Istria? It’s top of my list
Enjoy the clear waters, relaxed atmosphere and wonderful food of this northern peninsula in Croatia
The serrated costline of Istria, Croatia
Ancient Roman amphitheater at Pula, Croatia. Photograph: Thinkstock
Before the plane even landed in Pula, I felt I’d already had a glorious ad-hoc mini tour of Istria, the northern Croatian peninsula. We flew in over a serrated coastline studded with small rocky islands, some with single houses on them, over turquoise waters that were so clear I swear I could even see the fish that swam far beneath.
Istria is the biggest peninsula in the Adriatic Sea, and I can’t say I’ve seen them all, but it’s currently top of my list of Adriatic Sea Peninsulas. The fabulous coastline defines the entire place. There are no traditional sandy beaches, but what there is in every town and village along the coast are ladders down to that utterly clear water for swimmers, and sometimes carved-out rockpools for children. Local people go for a swim in Isteria in the way you’d pop out for an evening walk in Ireland.
Pula is the peninsula’s main town, and it has a surprising and surprisingly well-preserved collessium, one of only six in the world, including those at Rome and Verona. It’s used as a natural amphitheatre for concerts these days, and can hold up to 10,000. “For Leonard Cohen, there were chairs. For Marilyn Manson, there were not,” our guide divulged. It was here in this marvellously atmospheric place that we and thousands of locals watched the opening match of the World Cup, when Croatia was thrown to the Brazilian lions and given a mauling.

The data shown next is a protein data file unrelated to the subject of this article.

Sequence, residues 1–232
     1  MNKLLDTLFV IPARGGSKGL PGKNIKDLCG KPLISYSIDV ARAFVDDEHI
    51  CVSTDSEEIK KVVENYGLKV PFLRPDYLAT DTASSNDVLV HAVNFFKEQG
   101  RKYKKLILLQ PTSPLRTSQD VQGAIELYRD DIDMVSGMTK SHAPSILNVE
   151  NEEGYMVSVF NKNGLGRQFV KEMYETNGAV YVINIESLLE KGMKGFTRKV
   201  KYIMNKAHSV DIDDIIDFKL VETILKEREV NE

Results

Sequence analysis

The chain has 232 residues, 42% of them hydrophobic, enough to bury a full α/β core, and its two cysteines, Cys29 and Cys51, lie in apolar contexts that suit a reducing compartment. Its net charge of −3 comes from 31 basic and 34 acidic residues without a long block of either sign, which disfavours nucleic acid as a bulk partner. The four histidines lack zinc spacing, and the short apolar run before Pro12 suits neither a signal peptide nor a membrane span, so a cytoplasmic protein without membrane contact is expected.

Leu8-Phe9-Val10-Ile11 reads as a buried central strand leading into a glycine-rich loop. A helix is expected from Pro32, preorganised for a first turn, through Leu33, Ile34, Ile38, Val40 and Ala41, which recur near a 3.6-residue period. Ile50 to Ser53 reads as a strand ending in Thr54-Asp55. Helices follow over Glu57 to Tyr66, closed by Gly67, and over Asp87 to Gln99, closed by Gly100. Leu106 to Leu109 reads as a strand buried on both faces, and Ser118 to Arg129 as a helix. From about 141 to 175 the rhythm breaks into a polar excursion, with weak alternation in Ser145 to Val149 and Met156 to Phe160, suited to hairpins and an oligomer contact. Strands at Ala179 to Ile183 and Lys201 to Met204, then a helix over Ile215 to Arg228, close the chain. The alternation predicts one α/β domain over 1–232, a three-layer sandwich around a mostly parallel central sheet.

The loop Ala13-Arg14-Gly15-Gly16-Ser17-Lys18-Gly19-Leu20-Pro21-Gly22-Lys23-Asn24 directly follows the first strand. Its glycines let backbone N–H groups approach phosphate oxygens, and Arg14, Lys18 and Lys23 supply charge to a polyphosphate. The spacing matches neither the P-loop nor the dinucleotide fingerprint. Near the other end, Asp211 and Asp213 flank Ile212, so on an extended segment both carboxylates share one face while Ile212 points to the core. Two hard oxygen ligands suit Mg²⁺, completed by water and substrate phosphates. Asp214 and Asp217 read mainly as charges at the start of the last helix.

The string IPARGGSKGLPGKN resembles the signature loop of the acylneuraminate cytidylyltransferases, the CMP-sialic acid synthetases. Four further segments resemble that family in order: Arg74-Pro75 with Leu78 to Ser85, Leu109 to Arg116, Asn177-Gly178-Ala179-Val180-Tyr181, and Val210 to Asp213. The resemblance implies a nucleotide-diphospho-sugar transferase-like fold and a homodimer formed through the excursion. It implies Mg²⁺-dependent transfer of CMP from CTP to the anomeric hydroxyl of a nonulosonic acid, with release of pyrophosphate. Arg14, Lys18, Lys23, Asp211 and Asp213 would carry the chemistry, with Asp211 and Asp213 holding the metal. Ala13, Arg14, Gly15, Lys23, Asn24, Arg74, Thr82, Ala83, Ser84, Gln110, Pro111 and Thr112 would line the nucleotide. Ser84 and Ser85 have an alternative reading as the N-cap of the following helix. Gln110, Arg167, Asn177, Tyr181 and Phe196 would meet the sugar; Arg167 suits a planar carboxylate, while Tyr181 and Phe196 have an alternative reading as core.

Further up the coast is beautiful Rovinj, a small coastal fishing town famous for its cluster of privately-run galleries and period architecture. You can swim off the rocks here, as we did, first changing in the bathrooms of the sea-front Puntulina restaurant we later ate in. We could almost have called our order in from the sea. They minded not at all that their restaurant guests arrived fully dressed, and temporarily departed in swimsuits. Here; as elsewhere, the menu showcased excellent local seabass, squid, anchovies, sardines, and tuna tartar. The tuna fish features on Croatia’s two kuna coin, but most of the country’s significant catch is exported to Japan.
State gifts come in many forms, but I did not expect to find them in the form of ageing exotic animals on the island of Brijuni. Designated a national park since 1984, this extraordinary time-capsule place has a hotel, the Neptune, whose interior could be a stand-in for the Grand Budapest Hotel, and a still-producing olive tree that is a staggering 1,600 years old. As for the zebras, lamas, ostriches, horses and a lone elephant that wander surreally around a section of Brijuni, these are all ancestors of gifts given to Josip Tito, the first president of Yugoslavia, by some of the 100 heads of State who visited him here. Lanka, the lone Indian elephant, was the gift of Indira Ghandi, and still survives today. Ferries run the half-hour journey from Pula, and you can either rent bikes or golf carts to explore.